The American obsession with peanut butter is something I’ve learned to love as well. Your peanut butter is arguably much better, smoother and creamier. I understand the appeal of a classic PB&J sandwich. I have still yet to try a Buckeye though.


In my first few weeks in America the only beer I was exposed to was grim Bud Light served in red Solo cups at student parties. Pre-departure to the states I was warned, “American beer sucks!” It took me until Oktoberfest, when I discovered the plethora of craft beer and breweries that Cincinnati has to offer, that I learned this was absolutely not the case. My favorite Cincinnati beer is MadTree’s seasonal Sprye, which manages to be spicy, citrusy, piney and earthy. Cincinnati brewing veteran Christian Moerlein and the Moerlein brewery also makes a great watering hole; with so many beer options to choose from I felt like I was back in my local pub.

The morning after a night of craft beer, my first thought goes to a full English breakfast. A plate of fried eggs, tomatoes, sausages, toast, baked beans and black pudding has been curing British hangovers since the invention of the frying pan. But I’m in America now, where baked beans are for barbecues only and black pudding is unheard of. My next thought is for bagels: the classic beloved breakfast bread that has become iconic to New York and American food culture. An egg and cheese bagel with bacon and sausage from Bruegger’s bagels is everything I want but more. A freshly made bagel topped by most of the commodities of a full English breakfast, but with less calories. If I can, I drag myself to quirky breakfast joint Hangover Easy in Clifton that also does an excellent brunch and breakfast fix.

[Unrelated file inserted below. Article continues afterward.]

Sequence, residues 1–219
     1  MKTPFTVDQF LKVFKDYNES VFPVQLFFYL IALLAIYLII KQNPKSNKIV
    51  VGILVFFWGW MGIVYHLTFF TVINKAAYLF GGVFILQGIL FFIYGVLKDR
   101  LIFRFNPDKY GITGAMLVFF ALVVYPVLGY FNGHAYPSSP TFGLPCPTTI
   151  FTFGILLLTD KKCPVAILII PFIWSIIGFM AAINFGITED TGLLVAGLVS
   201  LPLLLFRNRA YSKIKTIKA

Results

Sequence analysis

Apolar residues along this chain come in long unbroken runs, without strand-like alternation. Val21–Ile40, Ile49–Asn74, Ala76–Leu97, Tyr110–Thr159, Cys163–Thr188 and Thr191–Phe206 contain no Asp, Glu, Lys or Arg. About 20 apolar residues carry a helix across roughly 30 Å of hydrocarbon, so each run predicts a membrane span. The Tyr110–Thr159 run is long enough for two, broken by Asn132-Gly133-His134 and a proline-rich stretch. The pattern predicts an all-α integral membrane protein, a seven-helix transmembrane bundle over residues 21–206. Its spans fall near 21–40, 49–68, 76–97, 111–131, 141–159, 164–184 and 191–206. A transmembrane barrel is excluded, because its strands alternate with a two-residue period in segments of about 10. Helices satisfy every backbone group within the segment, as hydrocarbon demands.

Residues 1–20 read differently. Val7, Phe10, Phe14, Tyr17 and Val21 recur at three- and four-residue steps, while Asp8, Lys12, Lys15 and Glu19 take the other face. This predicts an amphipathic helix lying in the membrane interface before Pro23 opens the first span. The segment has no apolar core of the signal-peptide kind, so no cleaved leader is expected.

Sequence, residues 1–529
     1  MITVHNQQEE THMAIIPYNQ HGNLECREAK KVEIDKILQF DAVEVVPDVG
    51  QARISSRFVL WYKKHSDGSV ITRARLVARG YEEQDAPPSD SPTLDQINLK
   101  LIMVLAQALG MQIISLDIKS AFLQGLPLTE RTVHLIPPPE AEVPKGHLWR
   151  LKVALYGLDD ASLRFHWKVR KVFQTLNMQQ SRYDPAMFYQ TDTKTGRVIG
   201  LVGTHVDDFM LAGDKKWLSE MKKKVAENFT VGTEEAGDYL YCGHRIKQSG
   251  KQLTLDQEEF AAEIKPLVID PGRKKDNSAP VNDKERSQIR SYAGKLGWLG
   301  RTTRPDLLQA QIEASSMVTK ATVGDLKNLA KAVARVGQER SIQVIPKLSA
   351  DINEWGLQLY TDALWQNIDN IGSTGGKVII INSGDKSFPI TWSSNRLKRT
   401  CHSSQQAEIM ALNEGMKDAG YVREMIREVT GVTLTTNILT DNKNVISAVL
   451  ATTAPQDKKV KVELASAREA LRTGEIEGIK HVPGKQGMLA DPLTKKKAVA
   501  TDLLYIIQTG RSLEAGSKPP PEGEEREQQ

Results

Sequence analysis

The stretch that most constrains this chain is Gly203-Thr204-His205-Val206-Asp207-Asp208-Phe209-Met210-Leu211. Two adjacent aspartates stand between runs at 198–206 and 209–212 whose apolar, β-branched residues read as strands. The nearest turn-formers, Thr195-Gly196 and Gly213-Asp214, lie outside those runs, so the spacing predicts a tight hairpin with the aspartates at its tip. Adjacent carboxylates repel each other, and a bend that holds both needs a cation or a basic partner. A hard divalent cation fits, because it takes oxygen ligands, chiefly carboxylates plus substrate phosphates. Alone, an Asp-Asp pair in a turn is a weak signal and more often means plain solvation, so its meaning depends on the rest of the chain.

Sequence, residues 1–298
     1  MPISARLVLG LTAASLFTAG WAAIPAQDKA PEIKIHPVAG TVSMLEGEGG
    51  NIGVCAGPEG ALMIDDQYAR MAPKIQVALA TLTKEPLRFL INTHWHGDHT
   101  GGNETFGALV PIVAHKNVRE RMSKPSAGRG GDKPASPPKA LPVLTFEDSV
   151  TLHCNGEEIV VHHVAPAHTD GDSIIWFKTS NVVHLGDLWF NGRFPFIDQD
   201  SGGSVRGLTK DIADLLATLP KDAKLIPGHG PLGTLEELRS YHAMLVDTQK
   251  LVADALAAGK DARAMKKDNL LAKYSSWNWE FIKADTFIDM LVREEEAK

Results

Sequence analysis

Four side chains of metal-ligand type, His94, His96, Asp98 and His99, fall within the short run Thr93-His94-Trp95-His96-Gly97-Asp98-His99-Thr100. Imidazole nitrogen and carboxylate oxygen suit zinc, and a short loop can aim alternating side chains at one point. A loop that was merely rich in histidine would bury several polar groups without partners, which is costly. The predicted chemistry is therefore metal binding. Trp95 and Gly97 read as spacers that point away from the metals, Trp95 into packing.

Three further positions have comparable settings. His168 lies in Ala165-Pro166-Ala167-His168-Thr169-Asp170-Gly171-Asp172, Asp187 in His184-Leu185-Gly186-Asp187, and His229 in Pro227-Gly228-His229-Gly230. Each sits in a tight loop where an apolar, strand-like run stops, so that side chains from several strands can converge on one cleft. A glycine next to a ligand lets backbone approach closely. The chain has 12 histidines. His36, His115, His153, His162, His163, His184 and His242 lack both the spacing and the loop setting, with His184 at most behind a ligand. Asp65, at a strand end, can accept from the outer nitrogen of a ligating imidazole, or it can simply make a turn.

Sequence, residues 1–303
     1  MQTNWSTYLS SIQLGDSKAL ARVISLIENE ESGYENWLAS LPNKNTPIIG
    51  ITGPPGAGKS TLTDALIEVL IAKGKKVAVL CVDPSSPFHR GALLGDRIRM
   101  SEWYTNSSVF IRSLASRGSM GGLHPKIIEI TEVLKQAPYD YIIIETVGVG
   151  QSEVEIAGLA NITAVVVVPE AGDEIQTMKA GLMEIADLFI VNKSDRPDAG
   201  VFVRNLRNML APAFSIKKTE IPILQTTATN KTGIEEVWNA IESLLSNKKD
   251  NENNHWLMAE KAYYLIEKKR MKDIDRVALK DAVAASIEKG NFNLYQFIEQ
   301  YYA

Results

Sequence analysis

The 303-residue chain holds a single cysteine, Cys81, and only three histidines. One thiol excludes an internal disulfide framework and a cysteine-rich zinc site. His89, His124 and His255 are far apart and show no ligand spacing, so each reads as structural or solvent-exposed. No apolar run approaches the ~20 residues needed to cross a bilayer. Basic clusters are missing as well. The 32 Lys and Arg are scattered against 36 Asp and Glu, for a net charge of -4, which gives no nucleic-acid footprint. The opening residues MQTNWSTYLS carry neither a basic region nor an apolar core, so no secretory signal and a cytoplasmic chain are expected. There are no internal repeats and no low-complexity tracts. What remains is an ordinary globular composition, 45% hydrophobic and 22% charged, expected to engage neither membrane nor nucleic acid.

With only a few more weeks left here, I am sad to leave Cincinnati's eclectic options of places to eat and drink. I'll certainly be returning to the UK a couple pounds heavier but I'll have a coney shaped hole missing from my life. 

 
 
by Maija Zummo 10.17.2013
Posted In: Cookies, News at 01:10 PM | Permalink | Comments (0)
 
 
bettie page cookies

Sweet and Sexy Edibles

Queen City Cookies goes pin-up with new shortbread

Find Queen City Cookies' new line of Bettie Page-printed shortbread cookies at this week's City Flea (10 a.m.-4 p.m. in the American Can Building in Northside) and at the bakery

See (and eat) the "Queen of the Pin-ups" in classic Page poses. Queen City Cookies also has special Halloween-themed treats with black cats, skeletons, spiders and more printed on sugary shortbread — broom delivery or pick-up available. 
 
 
by Staff 03.09.2015 79 days ago
 
 
girl scout cookie cake

Leftovers: What We Ate This Weekend

Cauliflower Buffalo wings, Amma's Kitchen, Pelican's Reef, Girl Scout Cookies

Each week CityBeat staffers and dining writers tell you what they ate this weekend. We're not always proud — or trendy — but we definitely spend at least some money on food. 

Jac Kern: This weekend I finally tried my hand at the cauliflower Buffalo "wing" trend. There's plenty of recipes out there (and I'm incapable of following any precisely), but most of them involve taking raw cauliflower pieces, tossing them in a simple water-flour batter, baking, tossing again in sauce and baking again at high heat until crispy. They're pretty much fool-proof and the taste exceeded my expectations. These need to get added to bar menus stat.